Week 6: Numbers Crunching
Each week, Football Outsiders takes a look at every game on the NFL schedule with a mix of interesting numbers and in-depth statistical analysis. Much of the analysis is based on DVOA (defense-adjusted value over average), which takes every single play during the season and compares it to the league average based on situation and opponent. DVOA and Football Outsiders' other advanced stats are explained here. Remember that 2008 season numbers represent a small sample size.
All times Eastern
Bears at Falcons, 1 p.m.
The Bears' defense is one of two (Giants) in the league that has yet to face a single play where they're down by more than a touchdown.
Atlanta's first down defense is seventh in the league; on second down, that drops all the way to 31st.
Dolphins at Texans, 1 p.m.
Miami's defense struggles to get out of the gate. Their defensive DVOA in the first and third quarter, respectively, is 18th and 28th; in the second and fourth quarters, they're ranked sixth and second.
Houston's defense remains abysmal when backed up against their own end zone; they're 31st in red-zone pass defense, and last in red-zone rush defense, red-zone defense altogether, and goal-to-go defense.
Ravens at Colts, 1 p.m.
The Ravens' defense has allowed an average of only 17.67 yards per drive, best in football.
No team's better at using and abusing the clock than the Indianapolis Colts. On average, they use only 25.65 seconds per play, the fastest pace of any team. When they have a lead of seven or more points? That goes all the way down to 35.75 seconds per play, the slowest pace of any team in those situations.
Lions at Vikings, 1 p.m.
Detroit's offense is among the worst in football -- until it gets into the red zone. There, bizarrely enough, Detroit's offense has been the best in the NFL. If only it could make it there more often.
Detroit will want to try to get their passes in on first down against the Vikings; the Vikings D is 25th against the pass on first down, but in the top 10 on all other downs.
Raiders at Saints, 1 p.m.
Third downs will be an interesting situation when the Saints are on offense; although the Saints offense is obviously pass-happy, the Raiders have the best third-down defense against passes in the league; they're 26th against the run. The New Orleans' offense is sixth throwing the ball and 29th running it on third downs.
Teams just love running plays against the Saints' defense; opposing teams run a play every 26.41 seconds against the Saints, the second-quickest defensive pace in the league.
Bengals at Jets, 1 p.m.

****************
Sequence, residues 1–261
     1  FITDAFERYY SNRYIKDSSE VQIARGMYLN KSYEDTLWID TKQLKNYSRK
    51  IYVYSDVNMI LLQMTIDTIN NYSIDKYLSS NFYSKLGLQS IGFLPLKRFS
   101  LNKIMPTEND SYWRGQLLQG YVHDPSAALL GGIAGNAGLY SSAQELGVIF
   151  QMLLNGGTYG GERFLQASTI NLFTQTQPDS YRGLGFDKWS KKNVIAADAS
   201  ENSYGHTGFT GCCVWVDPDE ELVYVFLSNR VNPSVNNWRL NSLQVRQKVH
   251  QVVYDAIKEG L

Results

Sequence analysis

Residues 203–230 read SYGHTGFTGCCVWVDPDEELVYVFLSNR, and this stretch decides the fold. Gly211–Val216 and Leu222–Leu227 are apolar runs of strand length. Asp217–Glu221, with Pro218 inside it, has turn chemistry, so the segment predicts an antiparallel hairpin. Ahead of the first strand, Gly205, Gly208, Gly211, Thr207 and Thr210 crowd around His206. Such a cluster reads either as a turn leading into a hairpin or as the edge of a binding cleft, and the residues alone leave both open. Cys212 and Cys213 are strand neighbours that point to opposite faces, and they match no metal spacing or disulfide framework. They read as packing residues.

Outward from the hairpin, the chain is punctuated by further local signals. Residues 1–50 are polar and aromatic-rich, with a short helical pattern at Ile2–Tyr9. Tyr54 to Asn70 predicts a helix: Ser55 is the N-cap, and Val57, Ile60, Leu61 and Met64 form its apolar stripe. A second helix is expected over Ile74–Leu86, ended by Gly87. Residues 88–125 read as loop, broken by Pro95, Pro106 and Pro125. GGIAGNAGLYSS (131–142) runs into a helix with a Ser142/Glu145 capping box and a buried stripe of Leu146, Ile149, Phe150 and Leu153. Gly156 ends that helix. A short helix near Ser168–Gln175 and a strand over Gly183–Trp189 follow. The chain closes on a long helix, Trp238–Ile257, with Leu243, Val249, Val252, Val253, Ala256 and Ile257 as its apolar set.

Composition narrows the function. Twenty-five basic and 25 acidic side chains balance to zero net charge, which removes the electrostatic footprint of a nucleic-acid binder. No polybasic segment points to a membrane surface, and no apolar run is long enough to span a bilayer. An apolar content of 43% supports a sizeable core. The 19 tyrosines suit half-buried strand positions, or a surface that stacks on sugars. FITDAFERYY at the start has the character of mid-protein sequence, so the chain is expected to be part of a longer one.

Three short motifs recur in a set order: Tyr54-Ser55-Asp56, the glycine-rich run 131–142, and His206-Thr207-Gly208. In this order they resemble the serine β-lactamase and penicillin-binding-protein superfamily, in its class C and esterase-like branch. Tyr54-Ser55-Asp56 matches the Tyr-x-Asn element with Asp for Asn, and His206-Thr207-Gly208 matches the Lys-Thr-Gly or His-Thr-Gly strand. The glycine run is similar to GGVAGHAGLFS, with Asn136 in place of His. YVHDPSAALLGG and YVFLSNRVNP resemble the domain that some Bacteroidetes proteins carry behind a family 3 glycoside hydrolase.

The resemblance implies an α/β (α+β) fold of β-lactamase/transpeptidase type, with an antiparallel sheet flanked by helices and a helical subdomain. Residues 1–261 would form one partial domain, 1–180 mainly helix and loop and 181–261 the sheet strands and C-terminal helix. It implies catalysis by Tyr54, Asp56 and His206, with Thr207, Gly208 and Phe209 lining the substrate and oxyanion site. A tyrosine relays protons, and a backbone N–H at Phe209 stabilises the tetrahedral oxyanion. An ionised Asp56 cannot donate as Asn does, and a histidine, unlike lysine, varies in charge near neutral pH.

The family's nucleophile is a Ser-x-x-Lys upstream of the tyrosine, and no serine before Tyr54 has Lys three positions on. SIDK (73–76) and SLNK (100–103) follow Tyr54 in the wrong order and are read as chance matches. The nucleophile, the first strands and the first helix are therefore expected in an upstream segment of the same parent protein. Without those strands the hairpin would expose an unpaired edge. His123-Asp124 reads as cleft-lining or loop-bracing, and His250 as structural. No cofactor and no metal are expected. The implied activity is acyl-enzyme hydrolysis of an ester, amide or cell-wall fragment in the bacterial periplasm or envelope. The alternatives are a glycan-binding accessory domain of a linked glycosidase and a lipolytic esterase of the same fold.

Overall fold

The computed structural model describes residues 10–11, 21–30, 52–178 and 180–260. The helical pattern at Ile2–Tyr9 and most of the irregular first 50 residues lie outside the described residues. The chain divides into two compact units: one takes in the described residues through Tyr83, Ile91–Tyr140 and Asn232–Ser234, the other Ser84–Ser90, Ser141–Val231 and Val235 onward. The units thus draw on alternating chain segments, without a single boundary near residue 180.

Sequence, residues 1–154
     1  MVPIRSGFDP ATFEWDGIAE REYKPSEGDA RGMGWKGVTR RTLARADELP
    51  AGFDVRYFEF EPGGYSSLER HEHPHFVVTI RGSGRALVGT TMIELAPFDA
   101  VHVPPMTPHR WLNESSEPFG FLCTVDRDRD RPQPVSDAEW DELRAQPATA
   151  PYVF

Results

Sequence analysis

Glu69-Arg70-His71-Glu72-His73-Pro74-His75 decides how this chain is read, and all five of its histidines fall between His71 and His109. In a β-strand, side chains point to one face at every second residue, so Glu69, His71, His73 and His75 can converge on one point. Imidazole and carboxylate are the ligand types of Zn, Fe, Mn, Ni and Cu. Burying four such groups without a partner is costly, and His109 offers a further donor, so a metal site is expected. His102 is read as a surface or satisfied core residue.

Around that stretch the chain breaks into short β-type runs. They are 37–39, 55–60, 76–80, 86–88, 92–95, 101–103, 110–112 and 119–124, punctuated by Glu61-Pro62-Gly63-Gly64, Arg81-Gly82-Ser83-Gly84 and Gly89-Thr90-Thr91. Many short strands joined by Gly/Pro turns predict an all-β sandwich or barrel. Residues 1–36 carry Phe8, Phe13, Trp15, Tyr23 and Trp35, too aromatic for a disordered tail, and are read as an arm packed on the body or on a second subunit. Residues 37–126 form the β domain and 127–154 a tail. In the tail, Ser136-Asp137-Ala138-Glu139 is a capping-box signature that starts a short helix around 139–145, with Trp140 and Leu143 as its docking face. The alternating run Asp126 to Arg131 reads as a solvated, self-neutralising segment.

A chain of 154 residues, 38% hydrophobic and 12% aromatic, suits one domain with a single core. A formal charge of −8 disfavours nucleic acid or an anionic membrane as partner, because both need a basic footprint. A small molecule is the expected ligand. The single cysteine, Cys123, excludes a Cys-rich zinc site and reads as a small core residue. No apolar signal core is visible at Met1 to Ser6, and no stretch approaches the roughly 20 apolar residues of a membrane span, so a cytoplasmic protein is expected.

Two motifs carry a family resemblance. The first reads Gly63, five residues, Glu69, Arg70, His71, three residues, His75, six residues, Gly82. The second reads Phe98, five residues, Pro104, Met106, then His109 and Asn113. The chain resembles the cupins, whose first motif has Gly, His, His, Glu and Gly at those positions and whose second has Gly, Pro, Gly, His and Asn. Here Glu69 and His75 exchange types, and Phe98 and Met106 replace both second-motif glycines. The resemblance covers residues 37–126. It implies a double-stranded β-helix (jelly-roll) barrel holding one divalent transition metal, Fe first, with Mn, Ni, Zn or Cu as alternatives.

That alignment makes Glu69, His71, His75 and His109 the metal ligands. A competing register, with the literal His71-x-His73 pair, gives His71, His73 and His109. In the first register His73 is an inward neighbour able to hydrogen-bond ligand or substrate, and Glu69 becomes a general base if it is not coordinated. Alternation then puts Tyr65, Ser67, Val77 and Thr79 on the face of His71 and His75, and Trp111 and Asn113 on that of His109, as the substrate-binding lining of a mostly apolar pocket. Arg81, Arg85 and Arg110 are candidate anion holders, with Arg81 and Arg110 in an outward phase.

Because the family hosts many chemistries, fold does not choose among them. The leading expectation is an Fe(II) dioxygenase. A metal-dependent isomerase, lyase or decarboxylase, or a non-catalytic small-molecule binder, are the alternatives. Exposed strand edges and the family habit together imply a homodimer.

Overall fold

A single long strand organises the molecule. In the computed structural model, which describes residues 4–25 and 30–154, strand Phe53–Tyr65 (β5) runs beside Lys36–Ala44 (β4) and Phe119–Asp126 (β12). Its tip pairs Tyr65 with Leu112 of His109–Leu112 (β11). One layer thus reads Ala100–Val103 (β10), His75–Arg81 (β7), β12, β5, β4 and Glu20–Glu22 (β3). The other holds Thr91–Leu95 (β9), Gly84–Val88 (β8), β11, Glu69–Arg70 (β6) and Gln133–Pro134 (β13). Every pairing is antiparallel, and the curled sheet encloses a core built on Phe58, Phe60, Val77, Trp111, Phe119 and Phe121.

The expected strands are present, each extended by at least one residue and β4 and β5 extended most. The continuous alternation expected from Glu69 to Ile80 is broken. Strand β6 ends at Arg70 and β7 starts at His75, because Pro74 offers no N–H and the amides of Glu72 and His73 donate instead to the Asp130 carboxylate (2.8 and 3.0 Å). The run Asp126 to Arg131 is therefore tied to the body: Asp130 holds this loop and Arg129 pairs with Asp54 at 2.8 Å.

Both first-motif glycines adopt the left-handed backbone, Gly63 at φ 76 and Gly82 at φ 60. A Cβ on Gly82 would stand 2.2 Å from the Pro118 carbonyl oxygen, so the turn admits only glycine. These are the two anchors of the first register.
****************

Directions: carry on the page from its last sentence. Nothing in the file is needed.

The Jets' defense has collapsed in the second half of games (think Arizona); Gang Green is fourth in the league in first half defensive DVOA, but only 29th in the second half.
Cincinnati's yet to lead a game this year by a touchdown or more.
Panthers at Buccaneers, 1 p.m.
Tampa Bay's defense is the best in the league on second down despite being only 23rd on first downs. They're sixth on third downs, which points to first down being the fluke.
Carolina's defense has allowed the smallest percentage of red zone drives to turn into touchdowns in football.
Rams at Redskins, 1 p.m.
In our weekly attempt to find something nice to say about the Rams, we note that their offensive DVOA in the first quarter is 12th in the league; it's only after the opening period that their by-quarter DVOA drops to 30th, 26th and then dead last for the fourth quarter.
The Redskins are the only team left in the league without an offensive turnover.
Jaguars at Broncos, 4:05 p.m.
On second-and-short situations, the Broncos' offense is 26th in the league. On all other second down situations, the Broncos are the best team in football.
The goal line should be an interesting battle ground in this matchup; the Jaguars' offense is fourth in the league in goal-to-go situations, while the Broncos' defense is sixth.
Cowboys at Cardinals, 4:15 p.m.
Arizona's offense has the fewest third-and-outs, adjusted for the number of drives they've started, of any team in football.
The Cowboys are the best in the league at both running and passing the ball on third down.
Eagles at 49ers, 4:15 p.m.
As shown in last week's loss against Washington, Philadelphia's offense is significantly better in the first half (third) than it is in the second (23rd). Philadelphia's best quarter is the first, but that's also San Francisco's best quarter of defense -- there, they rank third.
The 49ers have struggled dramatically on second down, where their offense is second-worst in the league, and their defense is 16th. Both are the worst down for the team on either side of the ball.
Packers at Seahawks, 4:15 p.m.
Seattle's missed Bobby Engram. The third-down machine only made it back last week, so the Seahawks still rank last in the league on third-down pass plays.
Unfortunately, it won't be much good in the red zone; the Packers have the best red-zone pass defense of any team in the NFL.
Patriots at Chargers, 8:15 p.m.
The problem with the Patriots' defense has been allowing the big play; adjusted for the number of drives they've faced, no team has more three-and-outs than New England.
San Diego bunkers down in the second half; their defensive DVOA in the first half of games is only 29th, but in the second half, that falls to eighth.
Giants at Browns, 8:30 p.m. (Monday)
The Giants offense would be even more impressive if it had more chances. New York's scored an average of 3.08 points each time they get the ball, best in football.
The Browns' offense deteriorates with time. Their offensive DVOA is 15th in the league in the first quarter, 28th in the second quarter and last in the third quarter. It does actually make it all the way back up to 31st for the final quarter, but being better than the Rams doesn't do the Browns any favors.
Bill Barnwell is an analyst for FootballOutsiders.com.
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